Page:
In this, the second of our series of AI-ARC web posts, we catch up with Dr Kevin Willis to find out about University of Portsmouth’s exciting role in the AI-ARC project and how the service UoP are developing will be used in the AI-ARC Virtual Control Room.
Can you give some background to University of Portsmouth?
The University of Portsmouth (UoP) is a top modern higher education and research institution based on the south coast of England. UoP receives good feedback from student satisfaction surveys and ranks highly in the UK research excellence framework. While maintaining close ties to the past in this historic naval city, the university is progressive and forward thinking, with one of the universities key research themes being sustainability and the environment. The university has recently been awarded a grant worth over £3 million which will bring it a step closer to its ambition of becoming climate positive by 2030.
We are measuring potential end-user opinions on the acceptance of the new technology being developed and how these views change through the project.
Can you describe in more detail University of Portsmouth’s role in the AI-ARC project?
The UoP AI-ARC team is involved with the project through leading tasks across three work packages. We are measuring potential end-user opinions on the acceptance of the new technology being developed and how these views change through the project, evaluating the individual component services of the AI-ARC Virtual Control Room in terms of what they can add to existing systems, creating a future deployment roadmap for these services at the end project, and also responsible for designing one of the specific services in the system – the risk index computation service.
What are your Individual research/ technical interests as a team?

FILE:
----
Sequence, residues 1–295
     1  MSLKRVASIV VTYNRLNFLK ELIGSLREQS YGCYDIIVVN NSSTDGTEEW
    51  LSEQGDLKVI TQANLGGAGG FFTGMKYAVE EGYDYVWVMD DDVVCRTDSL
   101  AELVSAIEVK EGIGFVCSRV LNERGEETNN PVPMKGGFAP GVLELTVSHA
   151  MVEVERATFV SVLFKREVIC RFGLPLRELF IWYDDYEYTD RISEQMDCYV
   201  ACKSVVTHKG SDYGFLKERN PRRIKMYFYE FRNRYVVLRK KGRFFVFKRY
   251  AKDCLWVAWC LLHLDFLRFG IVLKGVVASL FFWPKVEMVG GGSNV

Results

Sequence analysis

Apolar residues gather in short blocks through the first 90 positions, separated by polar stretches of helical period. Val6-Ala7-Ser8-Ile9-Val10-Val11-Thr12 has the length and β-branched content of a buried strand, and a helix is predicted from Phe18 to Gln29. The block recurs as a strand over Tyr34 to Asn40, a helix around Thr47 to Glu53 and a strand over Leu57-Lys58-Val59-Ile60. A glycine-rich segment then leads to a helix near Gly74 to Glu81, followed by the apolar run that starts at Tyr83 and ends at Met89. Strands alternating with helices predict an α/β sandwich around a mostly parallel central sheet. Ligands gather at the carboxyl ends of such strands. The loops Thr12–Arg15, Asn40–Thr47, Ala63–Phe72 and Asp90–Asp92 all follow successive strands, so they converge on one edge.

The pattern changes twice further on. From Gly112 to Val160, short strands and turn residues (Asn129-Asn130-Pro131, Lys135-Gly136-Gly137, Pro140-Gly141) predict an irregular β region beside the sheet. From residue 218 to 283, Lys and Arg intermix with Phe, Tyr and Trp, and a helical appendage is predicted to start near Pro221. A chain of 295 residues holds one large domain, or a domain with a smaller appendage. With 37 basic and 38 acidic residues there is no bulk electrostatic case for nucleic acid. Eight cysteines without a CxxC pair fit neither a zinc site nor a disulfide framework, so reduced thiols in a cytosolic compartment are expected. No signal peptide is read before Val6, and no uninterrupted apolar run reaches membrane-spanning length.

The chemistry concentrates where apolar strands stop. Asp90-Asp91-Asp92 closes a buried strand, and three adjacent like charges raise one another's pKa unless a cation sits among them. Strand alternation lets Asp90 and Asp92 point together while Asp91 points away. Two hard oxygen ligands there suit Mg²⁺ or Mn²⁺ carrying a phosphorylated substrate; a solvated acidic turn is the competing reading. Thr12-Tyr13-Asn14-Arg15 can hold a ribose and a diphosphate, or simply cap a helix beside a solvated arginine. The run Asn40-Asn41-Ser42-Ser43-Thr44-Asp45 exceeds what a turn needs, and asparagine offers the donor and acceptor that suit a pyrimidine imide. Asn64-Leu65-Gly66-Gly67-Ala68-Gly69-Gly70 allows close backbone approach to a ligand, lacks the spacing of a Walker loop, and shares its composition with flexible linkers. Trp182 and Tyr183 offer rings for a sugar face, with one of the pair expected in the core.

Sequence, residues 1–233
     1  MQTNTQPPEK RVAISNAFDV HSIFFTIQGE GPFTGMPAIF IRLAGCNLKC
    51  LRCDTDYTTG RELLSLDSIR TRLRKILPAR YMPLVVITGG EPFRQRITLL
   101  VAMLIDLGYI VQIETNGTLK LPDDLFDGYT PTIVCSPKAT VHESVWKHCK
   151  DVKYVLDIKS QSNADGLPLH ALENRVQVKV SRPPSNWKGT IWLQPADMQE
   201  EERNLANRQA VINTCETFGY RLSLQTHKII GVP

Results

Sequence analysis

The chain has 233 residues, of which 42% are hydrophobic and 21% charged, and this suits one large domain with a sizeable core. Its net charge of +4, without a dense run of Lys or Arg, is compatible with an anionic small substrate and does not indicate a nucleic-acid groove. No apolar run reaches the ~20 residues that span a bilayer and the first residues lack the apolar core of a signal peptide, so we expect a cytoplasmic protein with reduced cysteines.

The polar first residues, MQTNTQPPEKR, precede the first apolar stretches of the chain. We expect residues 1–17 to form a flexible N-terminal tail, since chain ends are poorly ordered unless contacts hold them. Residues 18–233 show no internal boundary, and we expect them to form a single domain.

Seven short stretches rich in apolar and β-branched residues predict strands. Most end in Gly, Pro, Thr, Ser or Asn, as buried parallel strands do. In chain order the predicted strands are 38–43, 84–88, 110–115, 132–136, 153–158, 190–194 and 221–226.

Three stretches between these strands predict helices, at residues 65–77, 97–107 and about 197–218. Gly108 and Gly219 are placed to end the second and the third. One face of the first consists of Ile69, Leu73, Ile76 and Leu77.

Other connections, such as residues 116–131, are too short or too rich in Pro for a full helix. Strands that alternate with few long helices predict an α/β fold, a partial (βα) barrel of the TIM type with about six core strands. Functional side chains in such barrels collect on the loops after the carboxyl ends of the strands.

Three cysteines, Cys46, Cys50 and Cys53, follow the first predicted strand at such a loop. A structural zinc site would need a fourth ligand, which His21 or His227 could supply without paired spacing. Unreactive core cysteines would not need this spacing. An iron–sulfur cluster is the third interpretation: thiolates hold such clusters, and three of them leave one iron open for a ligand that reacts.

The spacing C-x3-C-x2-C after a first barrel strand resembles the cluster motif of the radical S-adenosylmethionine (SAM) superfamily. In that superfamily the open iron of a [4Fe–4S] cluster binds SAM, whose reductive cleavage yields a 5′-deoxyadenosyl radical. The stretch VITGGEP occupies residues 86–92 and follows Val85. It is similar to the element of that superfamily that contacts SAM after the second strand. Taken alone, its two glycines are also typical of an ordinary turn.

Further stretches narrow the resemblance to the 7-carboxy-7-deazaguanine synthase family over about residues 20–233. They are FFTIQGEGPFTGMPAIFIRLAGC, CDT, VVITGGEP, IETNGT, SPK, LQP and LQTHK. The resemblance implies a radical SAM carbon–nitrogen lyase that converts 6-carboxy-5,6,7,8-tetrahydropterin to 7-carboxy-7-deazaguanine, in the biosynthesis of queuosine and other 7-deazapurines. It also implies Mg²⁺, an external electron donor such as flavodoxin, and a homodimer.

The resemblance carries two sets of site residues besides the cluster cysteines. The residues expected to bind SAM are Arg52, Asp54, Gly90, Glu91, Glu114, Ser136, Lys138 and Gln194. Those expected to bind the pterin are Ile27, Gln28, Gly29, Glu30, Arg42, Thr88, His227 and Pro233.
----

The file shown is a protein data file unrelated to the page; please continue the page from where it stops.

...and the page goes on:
Members of the UoP team are split across two of the university’s faculties, the School of Mathematics, in the Faculty of Technology and the School of Operations, Systems and People, within the Faculty of Business and Law. All the team are members of the Centre for Operational Research & Logistics (CORL) offering expertise in data, algorithms, system design, modelling, programming, and decision-making. Recent research produced from the UoP team has been in diverse application areas like off-shore windfarm maintenance and drone inspection technology, Arctic and North Atlantic security and safety, allocating novel robotic devices to treatment centres, and modelling support in humanitarian crisis.
The part of the project that has been both the most interesting, is also the greatest challenge, and that is the complex nature of all the interconnected elements.
What do you find most interesting or challenging about University of Portsmouth’s role in the AI-ARC project?
The part of the project that has been both the most interesting, is also the greatest challenge, and that is the complex nature of all the interconnected elements. The designing of a service to aid decision-making in a perilous maritime context based on a set of use case scenarios to demonstrate effectiveness, the communication within the main AI-ARC system, the data requirements, the multiple services all based on advanced Artificial Intelligence ideas – and all this done with the further challenge of cross-border cooperation and collaborating with the wide range of project partners. This complexity can seem daunting but offers a real opportunity to be involved in important and interesting research.
What is your involvement in the preoperational testing?